Hurwitz numbers satisfy a set of combinatorial relations due to Hurwitz, i.e., the cut-and-join equations. Although these equations determine the Hurwitz numbers, the actual computation does not go very fast because one has to solve the simultaneous equations. In 2007 physicists Bouchard and Marino conjectured an effective recursion formula for Hurwitz numbers using a quite different generating function. Their conjectural formula is a special case of the "topological recursion" discovered by Eynard and Orantin in Random Matrix Theory. Computer experiments showed that the Bouchard-Marino formula gave correct Hurwitz numbers, but no mathematical proof was presented at that time. In a series of collaborations with Borot, Eynard, Safnuk, and Zhang, I have discovered that the Bouchard-Marino formula is the Laplace transform of the cut-and-join equation, and thus have proved the conjecture.

In this lecture, we outline the statement that the Bouchard-Marino formula is the Laplace transform of the cut-and-join equation.

April 16, 4:10 - 6:00 in 3106 MSB: Frank Liou. "The Grothendieck Riemann-Roch theorem and the relations among tautological clases."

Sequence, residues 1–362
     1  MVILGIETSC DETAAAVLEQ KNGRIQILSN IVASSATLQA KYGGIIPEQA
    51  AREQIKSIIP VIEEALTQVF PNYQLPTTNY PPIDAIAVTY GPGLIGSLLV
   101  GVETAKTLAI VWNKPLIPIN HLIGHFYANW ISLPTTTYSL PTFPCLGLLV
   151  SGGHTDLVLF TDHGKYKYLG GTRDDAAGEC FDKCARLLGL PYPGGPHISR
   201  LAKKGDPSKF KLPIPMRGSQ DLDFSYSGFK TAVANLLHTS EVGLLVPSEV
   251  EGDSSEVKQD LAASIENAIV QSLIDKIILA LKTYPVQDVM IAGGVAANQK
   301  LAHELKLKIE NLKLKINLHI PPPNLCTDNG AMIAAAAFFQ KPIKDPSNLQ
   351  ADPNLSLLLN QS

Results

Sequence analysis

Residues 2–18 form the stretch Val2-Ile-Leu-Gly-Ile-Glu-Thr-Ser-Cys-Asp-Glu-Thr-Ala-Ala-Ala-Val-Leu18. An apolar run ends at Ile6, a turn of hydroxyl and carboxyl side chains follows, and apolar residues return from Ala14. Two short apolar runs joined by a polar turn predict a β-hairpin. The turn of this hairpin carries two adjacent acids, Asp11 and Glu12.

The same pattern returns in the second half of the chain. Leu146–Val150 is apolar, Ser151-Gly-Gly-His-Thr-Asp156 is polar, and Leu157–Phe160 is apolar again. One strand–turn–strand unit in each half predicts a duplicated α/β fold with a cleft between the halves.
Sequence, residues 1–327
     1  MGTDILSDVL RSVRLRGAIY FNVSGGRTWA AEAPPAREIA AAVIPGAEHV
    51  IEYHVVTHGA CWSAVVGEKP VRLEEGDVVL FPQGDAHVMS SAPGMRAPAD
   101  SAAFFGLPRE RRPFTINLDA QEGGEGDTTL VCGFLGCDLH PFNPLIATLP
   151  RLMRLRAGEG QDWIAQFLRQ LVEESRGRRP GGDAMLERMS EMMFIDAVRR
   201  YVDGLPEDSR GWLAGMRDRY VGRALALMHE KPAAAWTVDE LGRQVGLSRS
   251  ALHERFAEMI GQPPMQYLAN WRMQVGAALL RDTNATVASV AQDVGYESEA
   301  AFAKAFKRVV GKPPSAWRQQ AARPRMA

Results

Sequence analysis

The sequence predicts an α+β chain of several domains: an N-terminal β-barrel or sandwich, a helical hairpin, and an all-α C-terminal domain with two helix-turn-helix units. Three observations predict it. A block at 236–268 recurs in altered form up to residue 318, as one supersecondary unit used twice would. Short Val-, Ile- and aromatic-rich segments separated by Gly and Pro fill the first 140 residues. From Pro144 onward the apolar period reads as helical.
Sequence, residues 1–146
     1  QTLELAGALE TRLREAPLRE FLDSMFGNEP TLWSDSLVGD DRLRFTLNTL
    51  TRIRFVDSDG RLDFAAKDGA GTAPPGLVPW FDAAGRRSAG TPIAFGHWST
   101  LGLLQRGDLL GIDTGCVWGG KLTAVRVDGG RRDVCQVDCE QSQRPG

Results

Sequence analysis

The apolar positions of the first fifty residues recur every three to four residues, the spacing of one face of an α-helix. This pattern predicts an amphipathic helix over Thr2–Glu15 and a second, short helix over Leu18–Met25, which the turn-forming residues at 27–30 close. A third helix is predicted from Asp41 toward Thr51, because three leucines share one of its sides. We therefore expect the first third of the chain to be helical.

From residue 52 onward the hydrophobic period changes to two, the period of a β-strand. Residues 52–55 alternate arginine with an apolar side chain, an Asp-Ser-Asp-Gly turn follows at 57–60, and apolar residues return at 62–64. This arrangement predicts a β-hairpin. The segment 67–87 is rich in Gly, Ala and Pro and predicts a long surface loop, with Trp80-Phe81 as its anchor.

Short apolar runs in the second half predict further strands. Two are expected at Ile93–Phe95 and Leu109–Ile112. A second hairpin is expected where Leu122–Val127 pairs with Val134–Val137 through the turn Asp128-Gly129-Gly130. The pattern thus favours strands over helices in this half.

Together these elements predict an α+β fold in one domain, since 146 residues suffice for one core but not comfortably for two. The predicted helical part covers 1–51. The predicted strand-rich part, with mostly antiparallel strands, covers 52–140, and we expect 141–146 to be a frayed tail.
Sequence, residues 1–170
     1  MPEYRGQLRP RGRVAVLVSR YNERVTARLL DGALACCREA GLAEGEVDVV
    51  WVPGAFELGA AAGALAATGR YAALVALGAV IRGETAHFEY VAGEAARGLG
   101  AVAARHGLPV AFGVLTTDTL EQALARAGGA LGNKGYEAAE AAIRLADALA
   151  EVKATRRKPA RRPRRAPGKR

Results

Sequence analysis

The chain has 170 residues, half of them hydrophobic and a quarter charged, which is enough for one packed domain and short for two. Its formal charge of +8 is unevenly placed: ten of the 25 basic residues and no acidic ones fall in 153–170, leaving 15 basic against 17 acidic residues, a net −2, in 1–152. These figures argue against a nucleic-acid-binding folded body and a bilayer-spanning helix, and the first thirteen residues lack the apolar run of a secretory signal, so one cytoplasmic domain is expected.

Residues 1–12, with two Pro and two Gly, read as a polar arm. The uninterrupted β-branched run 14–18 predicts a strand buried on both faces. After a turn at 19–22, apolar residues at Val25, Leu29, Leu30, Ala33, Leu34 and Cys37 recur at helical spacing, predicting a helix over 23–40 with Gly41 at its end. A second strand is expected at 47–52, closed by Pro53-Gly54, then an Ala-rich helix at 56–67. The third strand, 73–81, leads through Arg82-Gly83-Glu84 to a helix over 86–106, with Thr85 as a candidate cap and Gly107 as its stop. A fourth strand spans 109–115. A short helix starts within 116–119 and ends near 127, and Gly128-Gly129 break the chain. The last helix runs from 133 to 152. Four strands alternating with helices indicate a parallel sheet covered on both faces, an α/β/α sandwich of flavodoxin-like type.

April 23, 2:10 - 3:00 in 1147 MSB (RFG Seminar on Hurwitz numbers): Motohico Mulase. "From a combinatorial recursion to the topological recursion, Lecture 2."

In Lecture 2, we present a current research frontier where researchers are seeking the meaning of the Laplace transform. The Laplace transform in this context is indeed the "mirror symmetry" for toric Calabi-Yau threefolds. It changes the combinatorial structures among algebro-geometric objects into the symplectic invariants called the Gromov-Witten invariants. After this general conjectural vision is presented, we examine a concrete example. In this example, the main objective is counting the lattice points in orbifold polytopes. Amazingly, the Laplace transform of the numbers of these lattice points gives rise to the Witten-Kontsevich formula for intersection numbers of moduli spaces of stable curves! This fact is pointing to the combinatorial origin of the Virasoro constraint conditions.

Although we will not have the time to explain in these two lectures, the relation between the two different subjects of Lecture 1 (Hurwitz numbers) and Lecture 2 (lattice point counting) is a one parameter family of deformations of solutions of a completely integrable system of nonlinear partial differential equations called the KP equations. This explains the appearance of the KdV equation in the Witten-Kontsevich theory, and illustrates the Frobenius manifold structure of Dubrovin and the Givental formalism of integrable systems.